There are a few different notions of risk used in dependability engineering.

One notion, used in finance and in engineering safety, is from De Moivre (1712, De Mensura Sortis in the Proceedings of the Royal Society) and is

(A) the expected value of loss (people in engineering say “combination of severity and likelihood”).

A second notion, used in quality-control and project management, is

(B) the chances that things will go wrong.

Suppose you have a €20 note in your pocket to buy stuff, and there is an evens chance that it will drop out of your pocket on the way to the store. Then according to (A) your risk is -€10 (= €20 x 0.5) and according to (B) your risk is 0.5 (or 50%). Notice that your risk according to (A) has units which are the units of loss (often monetary units) whereas your risk according to (B) has no units, and is conventionally a number between 0 and 1 inclusive.

(A) and (B) are notions 2 and 3 in the Wikipedia article on Risk, for what it’s worth.

The International Standards Organisation (ISO) and the International Electrotechnical Commission (IEC) put out guides to the inclusion of common aspects in international standards. One is on Safety Aspects (Guide 51, 2014 edition) and one is on Risk Management (Guide 73, 2009 edition). The Guide 51 definition of risk is the combination of probability of occurrence of harm and the severity of that harm, where harmis injury or damage to the health of people, or damage to property or the environment. The Guide 73 definition of risk used to be change or probability of loss, i.e. (B), but has changed in the 2009 edition to the effect of uncertainty on objectives.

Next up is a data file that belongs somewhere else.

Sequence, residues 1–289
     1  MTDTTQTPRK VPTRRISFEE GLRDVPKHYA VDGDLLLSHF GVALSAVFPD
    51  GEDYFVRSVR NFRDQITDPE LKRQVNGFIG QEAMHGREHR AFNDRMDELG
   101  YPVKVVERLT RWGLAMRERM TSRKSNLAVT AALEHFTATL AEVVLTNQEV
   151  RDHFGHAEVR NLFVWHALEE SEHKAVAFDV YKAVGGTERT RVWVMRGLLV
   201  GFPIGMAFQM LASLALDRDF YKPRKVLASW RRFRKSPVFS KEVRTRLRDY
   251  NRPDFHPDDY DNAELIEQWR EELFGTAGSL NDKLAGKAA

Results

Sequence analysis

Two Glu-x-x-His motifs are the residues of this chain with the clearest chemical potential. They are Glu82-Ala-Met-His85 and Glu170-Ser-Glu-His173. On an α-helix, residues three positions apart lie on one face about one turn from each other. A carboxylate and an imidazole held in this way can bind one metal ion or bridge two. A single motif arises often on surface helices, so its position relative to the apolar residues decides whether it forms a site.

The 2013 edition of ISO/IEC 15026 Systems and Software Engineering – Systems and Software Assurance, Part 1: Concepts and Vocabulary (formally denoted ISO/IEC 51026-1:2013), defines risk to be the combination of the probability of an event and its consequence, so (A).

The IEEE-supported Software Engineering Body of Knowledge (SWEBOK) says, in Section 2.5 on Risk Management,

Risk identification and analysis (what can go wrong, how and why, and what are the likely consequences), critical risk assessment (which are the most significant risks in terms of exposure, which can we do something about in terms of leverage), risk mitigation and contingency planning (formulating a strategy to deal with risks and to manage the risk profile) are all undertaken. Risk assessment methods (for example, decision trees and process simulations) should be used in order to highlight and evaluate risks.

Notice what can go wrong is hazard identification, how and why is analysis, along with what are the likely consequences, which is severity assessment, also part of hazard analysis. What is missing here is an assessment of likelihood, which is common to both (A) and (B), the Guide 51 definition and the Guide 73 definition.

ISO/IEC 24765:2010 Systems and Software Engineering – Vocabulary defines risk to be

1. an uncertain event or condition that, if it occurs, has a positive or negative effect on a project’s objectives. A Guide to the Project Management Body of Knowledge (PMBOK® Guide) — Fourth Edition.
2. the combination of the probability of an abnormal event or failure and the consequence(s) of that event or failure to a system’s components, operators, users, or environment. IEEE Std 829-2008 IEEE Standard for Software and System Test Documentation.3.1.30.